Since March my mailbox has been inundated with new surveys, trackers, consumer trend evaluations, and ‘thought pieces’ on the ‘new normal’. The world we live in from this point on will look nothing like the world we have known … so says their collected wisdom! If one was a cynic, one might argue that sowing doubt and uncertainty about the future reinforces the need to spend budget on consumer insight at a time when client businesses are looking to conserve cash and agencies are feeling the pinch – and this is my business as well, so I am not going to argue with the importance of maintaining ‘sensors in the ground’!
But if you believe all that you read we are facing a foreign landscape with consumer behaviour turned on its head! But with some trepidation … can I be the small voice in the crowd that says actually I believe that the future is going to look much more like the past than many would have us think.
Now I will caveat that with the future when viewed from the pre-Covid world was going to look different (that’s just a truism) … the migration from the high street to the virtual street perhaps being the most notable trend – and the pandemic has moved this process on (if for no other reason than such a precipitous fall in revenue would be difficult for any business to cope with especially those with a poor online presence).
Perceived wisdom is that the pandemic moved digital migration forward 5 years … as people have been forced to shop online, socialise with friends and family members online, to bank online, see their doctor online etc. And some of these behaviours are here to stay as sub-optimal customer experiences in a pre-pandemic world can now be seen as such by a wider group of consumers – who really wants to queue for 20 minutes in a bank branch or sit next to (other) sick people in a doctor’s waiting room. OK, some people will, but broadly speaking the pandemic has shown those of us who are not innovators and early adopters a better way in some areas.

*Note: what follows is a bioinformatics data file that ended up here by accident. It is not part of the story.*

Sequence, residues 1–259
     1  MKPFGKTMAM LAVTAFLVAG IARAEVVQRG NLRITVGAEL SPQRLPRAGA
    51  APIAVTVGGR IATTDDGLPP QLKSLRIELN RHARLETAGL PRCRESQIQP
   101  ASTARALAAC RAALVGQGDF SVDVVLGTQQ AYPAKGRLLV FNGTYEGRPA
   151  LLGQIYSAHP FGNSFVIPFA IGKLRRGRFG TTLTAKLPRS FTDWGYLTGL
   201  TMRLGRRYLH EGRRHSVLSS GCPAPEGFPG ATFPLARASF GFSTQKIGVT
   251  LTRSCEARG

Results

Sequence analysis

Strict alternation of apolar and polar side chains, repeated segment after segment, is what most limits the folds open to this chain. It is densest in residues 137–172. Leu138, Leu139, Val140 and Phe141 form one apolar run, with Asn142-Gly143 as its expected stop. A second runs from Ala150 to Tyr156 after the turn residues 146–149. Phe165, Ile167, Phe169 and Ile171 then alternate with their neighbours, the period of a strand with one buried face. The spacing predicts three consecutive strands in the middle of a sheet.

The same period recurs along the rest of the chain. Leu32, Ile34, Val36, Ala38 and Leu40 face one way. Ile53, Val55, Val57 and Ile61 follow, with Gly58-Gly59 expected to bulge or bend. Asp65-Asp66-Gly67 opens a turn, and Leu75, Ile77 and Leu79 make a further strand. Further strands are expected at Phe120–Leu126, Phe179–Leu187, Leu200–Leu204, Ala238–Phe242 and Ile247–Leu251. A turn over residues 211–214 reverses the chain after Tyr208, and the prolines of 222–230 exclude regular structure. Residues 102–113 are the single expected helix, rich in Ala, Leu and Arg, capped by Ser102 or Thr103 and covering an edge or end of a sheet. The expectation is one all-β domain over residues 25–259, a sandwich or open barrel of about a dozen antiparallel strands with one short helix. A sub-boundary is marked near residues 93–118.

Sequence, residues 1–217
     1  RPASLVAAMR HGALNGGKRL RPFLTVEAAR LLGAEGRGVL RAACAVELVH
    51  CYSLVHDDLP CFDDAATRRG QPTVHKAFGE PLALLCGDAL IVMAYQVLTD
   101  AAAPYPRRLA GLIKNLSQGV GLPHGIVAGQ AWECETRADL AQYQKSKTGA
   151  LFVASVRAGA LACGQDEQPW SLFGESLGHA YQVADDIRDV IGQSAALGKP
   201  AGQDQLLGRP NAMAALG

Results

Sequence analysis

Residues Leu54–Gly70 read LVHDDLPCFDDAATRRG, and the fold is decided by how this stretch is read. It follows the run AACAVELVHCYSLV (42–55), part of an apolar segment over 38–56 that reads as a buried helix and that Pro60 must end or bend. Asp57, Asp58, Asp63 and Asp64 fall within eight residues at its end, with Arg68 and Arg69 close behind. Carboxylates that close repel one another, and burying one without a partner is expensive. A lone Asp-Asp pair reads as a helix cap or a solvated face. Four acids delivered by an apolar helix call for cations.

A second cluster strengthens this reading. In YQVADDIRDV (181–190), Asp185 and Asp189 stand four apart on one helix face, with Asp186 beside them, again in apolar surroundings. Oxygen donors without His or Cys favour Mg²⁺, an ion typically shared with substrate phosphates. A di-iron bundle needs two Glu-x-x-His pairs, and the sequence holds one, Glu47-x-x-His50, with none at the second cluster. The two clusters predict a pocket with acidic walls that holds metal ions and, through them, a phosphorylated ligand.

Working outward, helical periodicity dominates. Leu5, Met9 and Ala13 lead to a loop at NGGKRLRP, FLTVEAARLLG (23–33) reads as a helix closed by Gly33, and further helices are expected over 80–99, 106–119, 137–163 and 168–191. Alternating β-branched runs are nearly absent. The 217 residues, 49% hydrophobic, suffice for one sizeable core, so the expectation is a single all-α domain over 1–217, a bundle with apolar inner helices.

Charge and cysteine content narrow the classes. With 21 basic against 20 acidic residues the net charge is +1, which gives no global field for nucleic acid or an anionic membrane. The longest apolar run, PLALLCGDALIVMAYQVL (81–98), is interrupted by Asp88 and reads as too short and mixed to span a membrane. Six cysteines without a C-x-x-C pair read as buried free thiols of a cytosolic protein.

However, the ‘new normal’ is not actually ‘normal’ and will meet the headwinds of behavioural inertia or the tendency to do nothing or to remain unchanged. The majority of us will go back to an office, and probably 5 days a week. We will start shopping in stores again – because we like physical (as opposed to virtual) shopping, and so the home will become less of (not more of) “a multi-functional hub, a place where people live, work, learn, shop, and play” (‘Re-imagining marketing in the next normal’ McKinsey, July 2020). We will want to travel again as soon as possible – the ‘staycation’ was fine, but we won’t want to make a habit of it, and our new found sense of ‘community’ will wane when the pressures and time requirements of everyday life kick back in.
I am not saying that there won’t be any change and I am not just sticking my head in the sand and hoping the current crisis would just go away. But consumer behaviour is akin to an elastic band … Covid-19 has pulled it in all sorts of different directions, but fundamentally it wants to ‘ping back’. When we have a few years post pandemic perspective, I suspect covid-19 will be seen to have caused a mild bump in the overall evolution of consumer behaviour … there won’t be a ‘new normal’ that looks very different from the ‘old normal’.
Katy Milkman – a behavioural scientist at Wharton was reported in The Atlantic as saying that new habits are more likely to stick if they are accompanied by “repeated rewards”. So if the threat of the virus is neutralised the average person will go back to a routine and at the moment the pandemic looms large because its our everything. While there will be some behavioural stickiness – its easy to overestimate the degree to which future actions will be shaped by current circumstances.